NEW YORK (AP) — At the very first Passe-Timers’ Day at Yankee Stadium, on the final day of the 1947 season, 22-year-aged rookie Bobby Brown watched vast-eyed from the dugout.
Babe Ruth and Ty Cobb had been on the subject. Joe DiMaggio wasn’t a face on a ballpark monument then — he was a teammate.
All of a surprising, the festivities took a dark flip. Hall of Famer House Escape Baker tried to beat out a bunt and collapsed near first base.
Brown was probably the most productive one in the encompassing area with any medical training. Mercurial summoned to are inclined to the 61-year-aged Baker, Brown rushed out and dispensed his handiest advice.
“I told him, ‘Rise up, upward push up!’” Brown recalled a few years ago. “I bid it worked.”
Worked out fairly noteworthy, too, for Brown, one of baseball’s most famous major leaguers on and off the subject.
5-time champion with the Original York Yankees. Highest World Sequence batting average of anyone with at least 35 plate appearances. Veteran of World War II and the Korean War. Outstanding cardiologist. American League president.
Brown died at 96 on Thursday in Fortress Price, Texas, the Yankees said. They said he was last remaining particular person to play for the team in the 1940s.
“Few individuals who have veteran the pinstripes have lived such an accomplished, fulfilled, and vast-ranging life as Dr. Brown, who was beloved by our organization for his warmth, kindness and character,” Yankees owner Hal Steinbrenner said in a statement.
Brown played with the Yankees from 1947-54, with Yogi Berra his roommate. Overall, the third baseman batted .279 with 22 home runs and 237 RBIs. Identified as a terrific contact hitter, Brown struck out legal 88 occasions in 1,863 plate appearances.
In the World Sequence, Brown became a Bronx bruiser.
Apt two days after that Passe-Timers’ Day episode in 1947, Brown made his debut in the Fall Classic as a pinch-hitter, drawing a bases-loaded walk against Brooklyn. Brown went 3 for 3 in that matchup, along with a tall, pinch-hit RBI double in a Game 7 grasp.
Brown hit .439 (18 for 41) with 5 doubles, three triples and 9 RBIs in 17 World Sequence games, with a .500 on-base percentage.
Born on Oct. 25, 1924, in Seattle, Brown went to the same San Francisco high faculty as DiMaggio. He enlisted in the Navy in 1943 and served stateside, and signed with the Yankees in 1946.
Brown persisted his military carrier when he was called up by the Army medical corps in the center of the 1952 season — when Original York won another crown — and was overseas at some level of the Korean War for 19 months. He played in 28 games for the Yankees in May and June 1954 earlier than retiring from baseball.
After his playing days, Brown became a longtime practicing cardiologist in Fortress Price. In 1974, he served as president of the Texas Rangers for part of the season.
“Dr. Brown was no longer simplest a great baseball player, but a great gentleman and a great patriot. We had been fortunate to know him, to work with him, and to call him our buddy,” said damaged-down President George W. Bush, who once owned the Rangers.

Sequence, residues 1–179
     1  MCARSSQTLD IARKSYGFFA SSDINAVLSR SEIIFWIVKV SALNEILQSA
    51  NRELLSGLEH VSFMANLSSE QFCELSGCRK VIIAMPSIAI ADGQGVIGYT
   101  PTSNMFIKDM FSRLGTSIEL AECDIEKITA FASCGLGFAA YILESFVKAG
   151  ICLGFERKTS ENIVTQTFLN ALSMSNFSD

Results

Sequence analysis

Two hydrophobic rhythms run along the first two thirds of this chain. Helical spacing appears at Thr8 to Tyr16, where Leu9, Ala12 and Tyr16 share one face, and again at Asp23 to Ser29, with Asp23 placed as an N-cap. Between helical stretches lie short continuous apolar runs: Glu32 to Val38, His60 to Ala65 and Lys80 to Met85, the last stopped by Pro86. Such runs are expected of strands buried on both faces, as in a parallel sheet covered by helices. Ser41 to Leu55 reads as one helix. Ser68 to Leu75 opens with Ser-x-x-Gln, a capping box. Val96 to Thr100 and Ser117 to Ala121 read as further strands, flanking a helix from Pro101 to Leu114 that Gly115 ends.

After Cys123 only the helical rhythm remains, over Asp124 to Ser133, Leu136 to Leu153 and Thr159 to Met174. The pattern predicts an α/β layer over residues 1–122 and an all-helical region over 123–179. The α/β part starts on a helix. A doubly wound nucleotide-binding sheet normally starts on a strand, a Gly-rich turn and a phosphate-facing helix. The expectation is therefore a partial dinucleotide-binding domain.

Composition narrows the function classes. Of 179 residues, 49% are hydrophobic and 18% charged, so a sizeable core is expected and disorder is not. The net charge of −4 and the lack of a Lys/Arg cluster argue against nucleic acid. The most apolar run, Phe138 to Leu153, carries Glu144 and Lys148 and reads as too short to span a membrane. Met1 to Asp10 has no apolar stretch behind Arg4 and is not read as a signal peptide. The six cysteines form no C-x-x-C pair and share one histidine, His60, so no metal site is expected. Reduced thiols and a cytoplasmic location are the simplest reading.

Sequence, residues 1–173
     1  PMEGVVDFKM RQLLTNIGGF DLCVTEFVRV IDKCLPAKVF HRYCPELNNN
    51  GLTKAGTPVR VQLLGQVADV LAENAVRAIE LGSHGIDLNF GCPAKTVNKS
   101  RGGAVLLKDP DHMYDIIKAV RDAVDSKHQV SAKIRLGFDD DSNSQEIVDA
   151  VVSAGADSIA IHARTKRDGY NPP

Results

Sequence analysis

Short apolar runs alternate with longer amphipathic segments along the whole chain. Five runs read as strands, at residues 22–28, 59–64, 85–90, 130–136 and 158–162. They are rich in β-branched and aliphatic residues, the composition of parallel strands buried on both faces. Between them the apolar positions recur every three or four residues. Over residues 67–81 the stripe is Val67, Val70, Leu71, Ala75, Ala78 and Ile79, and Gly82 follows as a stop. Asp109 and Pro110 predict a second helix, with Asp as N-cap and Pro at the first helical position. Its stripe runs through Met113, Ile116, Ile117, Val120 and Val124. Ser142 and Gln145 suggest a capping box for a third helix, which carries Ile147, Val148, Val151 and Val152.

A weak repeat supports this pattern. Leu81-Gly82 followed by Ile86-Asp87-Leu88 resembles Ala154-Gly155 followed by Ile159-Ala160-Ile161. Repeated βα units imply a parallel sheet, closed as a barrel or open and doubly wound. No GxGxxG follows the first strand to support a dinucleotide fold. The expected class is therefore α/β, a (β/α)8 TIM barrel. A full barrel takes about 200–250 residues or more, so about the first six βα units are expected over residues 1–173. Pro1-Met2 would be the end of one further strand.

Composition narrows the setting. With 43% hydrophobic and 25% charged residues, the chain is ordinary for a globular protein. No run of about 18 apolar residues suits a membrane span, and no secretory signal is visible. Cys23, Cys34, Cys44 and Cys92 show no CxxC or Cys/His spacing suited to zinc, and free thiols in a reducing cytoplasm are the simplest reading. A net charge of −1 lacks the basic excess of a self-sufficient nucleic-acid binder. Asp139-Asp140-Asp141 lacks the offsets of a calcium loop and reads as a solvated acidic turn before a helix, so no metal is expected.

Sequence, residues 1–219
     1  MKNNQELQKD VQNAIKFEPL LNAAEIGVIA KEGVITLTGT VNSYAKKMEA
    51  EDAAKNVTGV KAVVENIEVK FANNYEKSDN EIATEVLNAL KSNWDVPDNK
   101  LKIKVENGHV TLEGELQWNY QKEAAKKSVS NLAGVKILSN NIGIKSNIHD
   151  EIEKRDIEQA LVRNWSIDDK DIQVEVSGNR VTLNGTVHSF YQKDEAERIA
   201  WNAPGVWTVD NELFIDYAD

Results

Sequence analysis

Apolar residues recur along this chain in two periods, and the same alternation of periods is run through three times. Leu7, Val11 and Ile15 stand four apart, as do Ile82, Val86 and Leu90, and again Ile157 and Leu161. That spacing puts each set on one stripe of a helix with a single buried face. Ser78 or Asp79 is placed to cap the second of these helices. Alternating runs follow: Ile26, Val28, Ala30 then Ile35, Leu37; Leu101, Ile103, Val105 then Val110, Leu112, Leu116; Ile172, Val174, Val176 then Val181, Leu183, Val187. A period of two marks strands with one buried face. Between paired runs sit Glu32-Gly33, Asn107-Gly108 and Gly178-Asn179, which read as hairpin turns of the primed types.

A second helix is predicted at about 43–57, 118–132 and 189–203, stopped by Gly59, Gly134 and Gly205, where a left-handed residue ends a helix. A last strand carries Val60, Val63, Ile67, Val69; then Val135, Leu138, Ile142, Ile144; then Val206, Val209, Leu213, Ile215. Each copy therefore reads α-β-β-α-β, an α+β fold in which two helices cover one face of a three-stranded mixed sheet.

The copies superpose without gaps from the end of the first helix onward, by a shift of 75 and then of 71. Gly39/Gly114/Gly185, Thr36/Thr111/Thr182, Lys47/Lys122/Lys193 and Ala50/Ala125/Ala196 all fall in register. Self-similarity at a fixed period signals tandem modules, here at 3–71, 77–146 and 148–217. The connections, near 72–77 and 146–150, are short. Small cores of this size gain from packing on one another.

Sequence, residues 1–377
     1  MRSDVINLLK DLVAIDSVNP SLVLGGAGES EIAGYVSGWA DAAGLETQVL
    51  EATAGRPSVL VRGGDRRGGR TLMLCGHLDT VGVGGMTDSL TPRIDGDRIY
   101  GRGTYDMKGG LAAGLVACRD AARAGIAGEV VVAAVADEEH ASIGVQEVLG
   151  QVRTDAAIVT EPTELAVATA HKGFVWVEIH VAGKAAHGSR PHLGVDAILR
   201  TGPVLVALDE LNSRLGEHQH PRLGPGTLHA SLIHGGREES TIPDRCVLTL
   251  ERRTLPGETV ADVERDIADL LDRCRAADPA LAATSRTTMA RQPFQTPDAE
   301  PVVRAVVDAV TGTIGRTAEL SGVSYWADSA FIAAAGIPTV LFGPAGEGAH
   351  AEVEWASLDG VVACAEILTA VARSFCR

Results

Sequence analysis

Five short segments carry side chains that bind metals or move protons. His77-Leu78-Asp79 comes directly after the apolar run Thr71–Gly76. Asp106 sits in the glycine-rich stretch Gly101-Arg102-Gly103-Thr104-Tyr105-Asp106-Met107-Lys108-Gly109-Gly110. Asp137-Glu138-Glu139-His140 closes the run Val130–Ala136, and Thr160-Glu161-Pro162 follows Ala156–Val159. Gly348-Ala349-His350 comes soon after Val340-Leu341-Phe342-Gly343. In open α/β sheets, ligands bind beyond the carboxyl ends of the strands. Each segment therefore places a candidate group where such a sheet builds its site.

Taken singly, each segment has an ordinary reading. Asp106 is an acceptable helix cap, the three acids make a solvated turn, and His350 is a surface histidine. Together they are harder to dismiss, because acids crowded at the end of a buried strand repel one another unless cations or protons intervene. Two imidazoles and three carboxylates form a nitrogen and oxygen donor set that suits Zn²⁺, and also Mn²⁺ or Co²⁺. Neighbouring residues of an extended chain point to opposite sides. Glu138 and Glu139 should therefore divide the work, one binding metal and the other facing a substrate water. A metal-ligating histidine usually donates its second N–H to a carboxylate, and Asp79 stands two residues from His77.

Brown was president of the American League from 1984-94, when he also was on the board of administrators for the Hall of Fame.
Commissioner Grasp Manfred called him a “proud Yankee” and “aloof star.”
“Dr. Bobby Brown led an extraordinary life, which integrated great accomplishments on the baseball subject and as a leader and govt in our game,” he said in a statement.
Outdated commissioner Bud Selig praised Brown’s “extraordinary baseball life, both on and off the subject,” adding, “he was of great advantage to me both at some level of my years as a membership owner and then as baseball commissioner.”
“Clearly a sad day and a kind of giant in our sport. Did a lot of diversified, special issues in our game,” Yankees manager Aaron Boone said.
Brown, who played at Tulane and graduated from its medical faculty, persisted to motivate in all fields in contemporary occasions. He spoke last year with Mark Hamilton, a damaged-down Tulane star who went on to play for the St. Louis Cardinals and graduated from medical faculty this past spring.
“Dr. Brown was my childhood inspiration to play Major League Baseball and then enter medication; the example that my dad provided to existing me the two had been no longer mutually peculiar.” Hamilton said in an email to The Associated Press.
Brown is survived by his son, Dr. Pete Brown, daughters, Beverley Dale and Kaydee Bailey, 11 grandchildren and several great-grandchildren. Brown’s larger half of extra than 60 years, Sara, died in 2012.
The Browns made a placing couple for decades. For the duration of his final Passe-Timers’ Day search advice from in 2019, Brown recalled their dating days and remembered giving his future larger half advice on how she must aloof narrate him to her parents.
“Enlighten your mother that I’m in medical faculty, studying to be a cardiologist,” he said. “Enlighten your dad that I play third base for the Yankees.”
Extra AP MLB: https://apnews.com/hub/MLB and https://twitter.com/AP_Sports
AP Baseball Author Ronald Blum and AP Sports Author Stephen Hawkins contributed to this chronicle.